There were mentioned such terms as agarak and yerdumard in the sources. Agaraks were the allotments, belonging to yerdumards in Albania. “Yerd” meant allotment that was given to separate families and “mard” meant the man, who was responsible to this lands. So, according to the source, has noted that “when the azats devided their land and peoples … they re-established the payment for each yerd” or otherwise it meant as the devotion price of rent between azats and yerds of immediate producers. The therm of Yerdumard can be examined as lessee of the allotment.
Further development of peasant community played great role in the process of creation of feudal-dependant peasantry. The sources informed that, although the basic labour in Albania was consisted of peasants, slaves were also utilized in house-hold and state construction too. According to the source, Urnayr, Albanian governor appealed to his soldiers before the Dzirav battle and said that, “…. Remember, when we captivate the greek soldiers we should not kill all of them, because we would utilize them as slaves in our cities and palaces”. Local historian informed that, tsar Vachagan III turned all mags into slaves.
So, during the early feudalism, slavery existed in primitive form in Albania. But in Adurbadagan slavery was much more increased. Slaves worked both in temples and Shah’s properties. So that, differing from Albania, formation of feudal – dependant peasantry in Adurbadagan happened not only because of the evolution of peasant community, but also because of the shape of the new form of slave labour.
According to the evidences of sources, in the early period of formation of feudal relations the major form of the exploitation consisted of church and secular taxes, gathering as kind. There were existed such religious tribunes in Albania at that time as: poll-tax, church dessiatina, tax from the harvest, tax pack the soul of the deceased.
According to the order of Shapur II, in Adurbadagan, the person who did not pay poll-tax, became the dependant of the person who paid for him this tax.
During the ruling of Khosrov I, poll-tax-gezit was taken from all men from the years of 20 to 50 old, in both parts of Azerbaijan; only aristocracy, scribes, priests, and officers were free from this tax. Free shinakans were subjected to twice exploitation along with church exploitation: the exploitation of Albanian state, as well as Sasanian Empire, whose vassal was Albania. Peasant community paid land taxes on the amount of 1/5 of harvest along with poll-tax; craftsmen and merchants paid the tax of badj. In Adurbadagan the population paid taxes for the construction and repair of city walls, cleaning of canals and etc. along with land and poll-taxes.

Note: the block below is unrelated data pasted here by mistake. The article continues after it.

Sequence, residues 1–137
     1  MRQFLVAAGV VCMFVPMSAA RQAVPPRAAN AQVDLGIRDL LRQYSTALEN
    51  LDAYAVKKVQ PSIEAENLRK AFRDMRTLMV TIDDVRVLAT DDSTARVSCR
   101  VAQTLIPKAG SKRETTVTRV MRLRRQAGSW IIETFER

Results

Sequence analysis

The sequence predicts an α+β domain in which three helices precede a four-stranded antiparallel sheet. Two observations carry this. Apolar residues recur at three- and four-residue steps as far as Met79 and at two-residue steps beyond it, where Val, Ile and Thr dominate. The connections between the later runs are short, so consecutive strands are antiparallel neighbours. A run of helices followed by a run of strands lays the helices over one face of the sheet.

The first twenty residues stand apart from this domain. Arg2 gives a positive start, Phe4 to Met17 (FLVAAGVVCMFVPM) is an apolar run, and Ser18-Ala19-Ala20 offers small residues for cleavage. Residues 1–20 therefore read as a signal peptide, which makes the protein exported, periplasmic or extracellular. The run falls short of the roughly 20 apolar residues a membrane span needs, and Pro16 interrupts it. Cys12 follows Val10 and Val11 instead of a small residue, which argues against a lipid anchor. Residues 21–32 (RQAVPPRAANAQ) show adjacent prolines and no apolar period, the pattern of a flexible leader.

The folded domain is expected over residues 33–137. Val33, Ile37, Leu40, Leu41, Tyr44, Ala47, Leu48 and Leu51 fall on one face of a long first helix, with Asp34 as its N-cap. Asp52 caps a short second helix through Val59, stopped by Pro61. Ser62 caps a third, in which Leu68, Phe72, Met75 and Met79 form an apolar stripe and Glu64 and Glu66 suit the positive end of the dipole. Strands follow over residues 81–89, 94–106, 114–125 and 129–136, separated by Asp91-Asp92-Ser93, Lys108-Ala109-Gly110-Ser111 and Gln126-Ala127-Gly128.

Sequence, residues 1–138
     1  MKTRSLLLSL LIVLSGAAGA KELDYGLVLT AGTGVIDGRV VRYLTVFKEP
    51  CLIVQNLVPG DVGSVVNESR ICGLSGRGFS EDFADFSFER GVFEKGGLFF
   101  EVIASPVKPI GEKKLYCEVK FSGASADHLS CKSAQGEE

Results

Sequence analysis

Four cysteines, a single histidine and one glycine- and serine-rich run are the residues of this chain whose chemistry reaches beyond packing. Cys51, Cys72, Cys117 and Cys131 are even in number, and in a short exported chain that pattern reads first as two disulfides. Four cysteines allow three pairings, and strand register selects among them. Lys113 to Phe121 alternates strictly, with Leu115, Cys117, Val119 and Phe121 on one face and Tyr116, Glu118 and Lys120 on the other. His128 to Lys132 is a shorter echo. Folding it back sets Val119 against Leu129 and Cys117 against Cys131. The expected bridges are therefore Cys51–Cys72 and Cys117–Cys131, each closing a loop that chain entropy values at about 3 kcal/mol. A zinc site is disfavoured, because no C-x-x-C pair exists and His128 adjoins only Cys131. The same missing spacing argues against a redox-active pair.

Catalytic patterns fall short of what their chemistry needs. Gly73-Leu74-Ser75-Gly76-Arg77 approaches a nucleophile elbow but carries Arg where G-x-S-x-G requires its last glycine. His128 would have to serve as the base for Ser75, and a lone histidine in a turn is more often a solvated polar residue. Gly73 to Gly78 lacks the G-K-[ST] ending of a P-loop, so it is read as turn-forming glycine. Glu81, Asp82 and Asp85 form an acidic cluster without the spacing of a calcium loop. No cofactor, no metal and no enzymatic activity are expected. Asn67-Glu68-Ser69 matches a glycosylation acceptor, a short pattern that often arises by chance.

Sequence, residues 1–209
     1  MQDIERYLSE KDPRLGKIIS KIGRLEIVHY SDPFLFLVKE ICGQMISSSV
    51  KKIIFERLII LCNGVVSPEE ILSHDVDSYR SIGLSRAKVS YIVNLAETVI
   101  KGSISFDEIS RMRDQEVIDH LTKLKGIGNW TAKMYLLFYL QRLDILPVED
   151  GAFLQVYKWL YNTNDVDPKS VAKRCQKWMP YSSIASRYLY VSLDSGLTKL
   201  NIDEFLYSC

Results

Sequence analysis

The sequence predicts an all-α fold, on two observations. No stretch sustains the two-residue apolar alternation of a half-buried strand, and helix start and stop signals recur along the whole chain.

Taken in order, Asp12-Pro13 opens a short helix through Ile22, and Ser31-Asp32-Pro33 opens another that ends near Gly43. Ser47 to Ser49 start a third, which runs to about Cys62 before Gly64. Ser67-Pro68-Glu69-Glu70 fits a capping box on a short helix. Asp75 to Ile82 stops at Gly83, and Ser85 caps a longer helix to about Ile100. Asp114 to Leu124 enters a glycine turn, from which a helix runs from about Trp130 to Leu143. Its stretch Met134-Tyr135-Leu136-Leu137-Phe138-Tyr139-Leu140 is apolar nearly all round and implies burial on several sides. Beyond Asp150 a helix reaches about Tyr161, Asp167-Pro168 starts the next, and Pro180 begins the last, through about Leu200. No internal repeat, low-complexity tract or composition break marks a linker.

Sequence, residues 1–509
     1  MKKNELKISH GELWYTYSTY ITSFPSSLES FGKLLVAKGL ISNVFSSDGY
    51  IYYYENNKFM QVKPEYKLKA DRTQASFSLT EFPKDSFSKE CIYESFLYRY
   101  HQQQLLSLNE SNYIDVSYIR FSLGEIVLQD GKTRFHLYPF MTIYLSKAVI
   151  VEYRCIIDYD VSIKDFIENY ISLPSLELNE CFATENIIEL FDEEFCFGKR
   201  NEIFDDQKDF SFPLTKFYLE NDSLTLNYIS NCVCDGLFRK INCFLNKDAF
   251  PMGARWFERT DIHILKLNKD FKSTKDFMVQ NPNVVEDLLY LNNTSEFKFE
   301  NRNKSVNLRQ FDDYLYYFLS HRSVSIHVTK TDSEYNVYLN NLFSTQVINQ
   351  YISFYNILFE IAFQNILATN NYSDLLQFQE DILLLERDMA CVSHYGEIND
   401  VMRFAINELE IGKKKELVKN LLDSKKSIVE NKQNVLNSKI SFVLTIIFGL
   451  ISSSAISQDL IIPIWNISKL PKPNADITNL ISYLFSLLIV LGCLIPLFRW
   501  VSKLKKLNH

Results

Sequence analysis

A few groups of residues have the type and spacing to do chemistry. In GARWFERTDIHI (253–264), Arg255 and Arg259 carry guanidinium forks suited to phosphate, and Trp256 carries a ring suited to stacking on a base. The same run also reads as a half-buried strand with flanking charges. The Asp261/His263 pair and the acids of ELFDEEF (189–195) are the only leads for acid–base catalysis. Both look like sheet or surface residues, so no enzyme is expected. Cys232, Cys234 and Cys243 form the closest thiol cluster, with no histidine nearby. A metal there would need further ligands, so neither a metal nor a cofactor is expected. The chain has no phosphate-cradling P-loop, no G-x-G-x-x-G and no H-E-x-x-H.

In 4th-7th centuries, in the circumstances of the increasing of inherited ownership, development of private feudal ownership and arising of money exchange shaped suitable conditions to pay state taxes not only by kinds, but also by money. Increasing of taxes caused to the poverty of small landowners and made them sell their properties.
Strengthening of feudal relations create suitable conditions for the development of producing powers. On the written sources, archaeological and ethnographic materials witnessed that arable-farming, cattle-breeding and trade were much more developed in Azerbaijan at this period. Suitable climate, efficient lands, plenty of rivers, lots of summer and winter pastures (summer pasture in mountains and winter quarters) shaped objective conditions for such development.
Arable-farming, gardening and growing grapevines were developed especially in Kura-Arasian and Pre-Caspian lowlands and in Nakhichevan too. Remaining’s of various types of grains, arable farming tools, which were revealed during archaeological excavations, proved that, arable farming was developed in medieval Azerbaijan.
Evidences and information of early medieval authors proved that, cattle-breeding, as well as horse-breeding and fishery were developed along with arable-farming in Azerbaijan-both in Northern and Southern parts of this country. On this context, the information of Moisey Kalankatlu about Albania is much more interesting: “Albanian country, situating between Caucasian mountains possesses plenty of natural enrichments. Great river, the Kura slowly flows to the Caspian Sea, bringing small and big fish with it. This country possesses grain and vine, oil and salt, silk and cotton resources as well. Mountains are enriched with gold, silver and copper: There are plenty types of animals and birds. The capital of Albania is great Partav”.
Written and archaeological sources noted that, the process of creation of new cities (Partav Barda, Paytakaran/Beylagan) was happened along with the prosperity of ancient ones (Gabala, Nakhichevan , Chola/Derbend and etc.) in Albania during the early medieval period. There were existed three types of cities in Albania at that time. Partav, Derbent, Gabala, Beylagan were concerned the first type. Situating in the international transit ways and being the administrative and trade-craft centres, these cities were characterized as “great” and “glorious” cities in the sources.